Mc Dowell News, April 2012
Artist of the month:
Rita de Maintenon, Heirloom Treasures Fiber Arts:
My story is not so different from many artists I have met over the years – I learned my art by default. Being raised in Germany just after WWII required my strict mother and grandmother to keep me busy indoors; the rubble the war left behind was not a safe environment to play in. So, this little girl learned to knit, crochet, embroider and sew at a very early age. Precision and accuracy became my yardstick and I learned more and more interesting details about regional fiber arts while traveling all over Europe with my family.
As a young bride in Texas I rejected any notion of hand-crafted wearables until I realized that there was no guarantee of owning a one of a kind item unless I designed and created it myself. My favorite past time during the early seventies was to design and sew Square and Round Dance dresses and crochet capes to match. Broomstick and Hairpin lace was still seen occasionally, so just to be different, I resorted to combining the two techniques in a singular piece. I also revived my memories of Tunisian lace, often expressed in mod color combinations. Friends and family were gifted with everything from baby sweaters to afghan/quilt combinations with precise mathematical components, such as the number of stitches equaling the number of days a couple was married and the rows of blocks or stripes representing the number of children or grandchildren. Always a labor of love, I remembered some of grandmother’s rules and disregarded many others. I seldom used patterns but watched the rules of basic design and enjoyed the creativity of finishing touches. The seeds for Heirloom Treasures were planted.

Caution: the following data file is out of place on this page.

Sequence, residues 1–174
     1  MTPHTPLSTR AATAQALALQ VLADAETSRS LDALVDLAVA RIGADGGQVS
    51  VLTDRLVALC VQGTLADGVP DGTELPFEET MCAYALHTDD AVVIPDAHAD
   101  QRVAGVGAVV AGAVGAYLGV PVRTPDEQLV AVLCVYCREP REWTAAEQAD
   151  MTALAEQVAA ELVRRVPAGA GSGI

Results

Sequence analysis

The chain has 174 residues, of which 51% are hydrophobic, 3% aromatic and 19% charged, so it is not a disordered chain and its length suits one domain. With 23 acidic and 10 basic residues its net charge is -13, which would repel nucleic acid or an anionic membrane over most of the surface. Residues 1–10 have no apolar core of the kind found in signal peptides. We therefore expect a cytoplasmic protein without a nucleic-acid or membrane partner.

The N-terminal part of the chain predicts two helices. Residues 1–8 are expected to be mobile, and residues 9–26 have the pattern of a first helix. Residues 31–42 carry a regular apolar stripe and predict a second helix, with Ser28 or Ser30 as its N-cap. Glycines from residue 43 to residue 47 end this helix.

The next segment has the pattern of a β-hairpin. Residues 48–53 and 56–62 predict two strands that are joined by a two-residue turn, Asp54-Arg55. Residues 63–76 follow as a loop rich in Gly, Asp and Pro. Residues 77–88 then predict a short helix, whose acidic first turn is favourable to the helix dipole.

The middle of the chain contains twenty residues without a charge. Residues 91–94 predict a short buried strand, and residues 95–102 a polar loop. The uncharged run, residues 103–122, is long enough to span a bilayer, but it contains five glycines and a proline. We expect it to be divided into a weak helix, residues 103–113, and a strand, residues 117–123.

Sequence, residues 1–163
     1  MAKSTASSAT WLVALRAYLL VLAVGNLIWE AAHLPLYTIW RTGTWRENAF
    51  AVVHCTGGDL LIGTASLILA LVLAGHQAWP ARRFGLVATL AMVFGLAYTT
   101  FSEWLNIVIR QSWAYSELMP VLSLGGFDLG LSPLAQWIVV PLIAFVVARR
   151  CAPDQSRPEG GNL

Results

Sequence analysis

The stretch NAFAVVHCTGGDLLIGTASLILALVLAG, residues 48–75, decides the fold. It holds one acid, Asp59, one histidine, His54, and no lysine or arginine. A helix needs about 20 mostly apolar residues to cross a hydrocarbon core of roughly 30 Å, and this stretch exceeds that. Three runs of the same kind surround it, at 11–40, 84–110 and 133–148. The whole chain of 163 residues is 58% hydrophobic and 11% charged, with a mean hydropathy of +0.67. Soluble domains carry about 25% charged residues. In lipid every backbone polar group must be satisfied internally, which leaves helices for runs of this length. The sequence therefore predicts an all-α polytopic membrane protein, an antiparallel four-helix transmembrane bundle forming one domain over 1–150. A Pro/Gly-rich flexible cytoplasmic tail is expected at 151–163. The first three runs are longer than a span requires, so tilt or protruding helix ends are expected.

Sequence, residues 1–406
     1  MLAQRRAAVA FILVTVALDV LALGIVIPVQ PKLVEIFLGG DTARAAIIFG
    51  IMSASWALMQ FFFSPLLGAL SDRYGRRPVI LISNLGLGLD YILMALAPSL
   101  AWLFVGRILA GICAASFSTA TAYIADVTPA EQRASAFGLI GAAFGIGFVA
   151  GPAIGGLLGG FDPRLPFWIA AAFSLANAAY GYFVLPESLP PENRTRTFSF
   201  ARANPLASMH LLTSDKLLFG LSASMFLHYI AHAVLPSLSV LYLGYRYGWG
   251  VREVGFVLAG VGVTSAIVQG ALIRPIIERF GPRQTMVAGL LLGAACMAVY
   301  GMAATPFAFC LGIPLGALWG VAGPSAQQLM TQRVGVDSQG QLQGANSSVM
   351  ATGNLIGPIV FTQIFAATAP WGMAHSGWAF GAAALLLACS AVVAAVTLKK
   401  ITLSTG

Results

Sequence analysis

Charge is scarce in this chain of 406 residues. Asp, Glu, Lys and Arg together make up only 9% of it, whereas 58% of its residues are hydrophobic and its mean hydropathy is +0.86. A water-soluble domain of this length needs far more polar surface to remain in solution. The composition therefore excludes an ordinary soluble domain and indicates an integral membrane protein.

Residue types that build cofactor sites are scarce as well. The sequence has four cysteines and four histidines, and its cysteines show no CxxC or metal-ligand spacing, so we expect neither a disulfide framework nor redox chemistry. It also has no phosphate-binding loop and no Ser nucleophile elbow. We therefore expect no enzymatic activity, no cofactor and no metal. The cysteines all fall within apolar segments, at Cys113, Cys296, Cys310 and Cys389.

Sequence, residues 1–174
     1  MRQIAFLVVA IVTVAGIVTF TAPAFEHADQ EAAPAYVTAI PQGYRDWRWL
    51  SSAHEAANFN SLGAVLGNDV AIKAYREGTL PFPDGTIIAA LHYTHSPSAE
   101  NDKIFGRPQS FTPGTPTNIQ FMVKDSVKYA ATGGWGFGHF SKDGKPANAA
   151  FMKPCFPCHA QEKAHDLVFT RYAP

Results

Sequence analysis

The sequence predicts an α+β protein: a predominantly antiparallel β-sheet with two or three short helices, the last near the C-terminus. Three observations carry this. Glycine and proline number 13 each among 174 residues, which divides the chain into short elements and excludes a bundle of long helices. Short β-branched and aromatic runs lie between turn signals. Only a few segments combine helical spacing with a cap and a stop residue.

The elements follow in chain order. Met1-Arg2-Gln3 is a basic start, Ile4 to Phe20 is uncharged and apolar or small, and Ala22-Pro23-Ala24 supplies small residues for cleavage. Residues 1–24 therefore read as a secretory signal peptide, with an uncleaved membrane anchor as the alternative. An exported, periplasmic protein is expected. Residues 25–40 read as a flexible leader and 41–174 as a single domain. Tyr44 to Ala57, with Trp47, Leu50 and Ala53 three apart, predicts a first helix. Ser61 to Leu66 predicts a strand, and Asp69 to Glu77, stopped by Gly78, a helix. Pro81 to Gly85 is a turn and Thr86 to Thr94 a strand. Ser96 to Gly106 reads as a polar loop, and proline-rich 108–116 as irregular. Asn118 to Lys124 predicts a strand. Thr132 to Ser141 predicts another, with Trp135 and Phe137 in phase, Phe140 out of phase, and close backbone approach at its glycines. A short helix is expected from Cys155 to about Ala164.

A move to Florida brought more Special Education work, a friendly divorce and a few years of finding myself, which included more fiber fun. Some years later I met my perfect mate and we worked a business together while he counseled and I taught. We worked hard but played a bit at boating and flying as well. When it came time for him to retire we traveled the world first and then settled down in Western North Carolina. A beautiful log house was built in Franklin and I started back to work at Southwestern Community College in Adult Education and the Business Training Center. GED and Adult High School became my passion and I worked at the Macon Campus for 17 years. My teaching job left enough time to continue with my fiber musings and as retirement came to mind so came the desire to be a full-time working fiber artist and designer. The seeds for Heirloom Treasures were still dormant.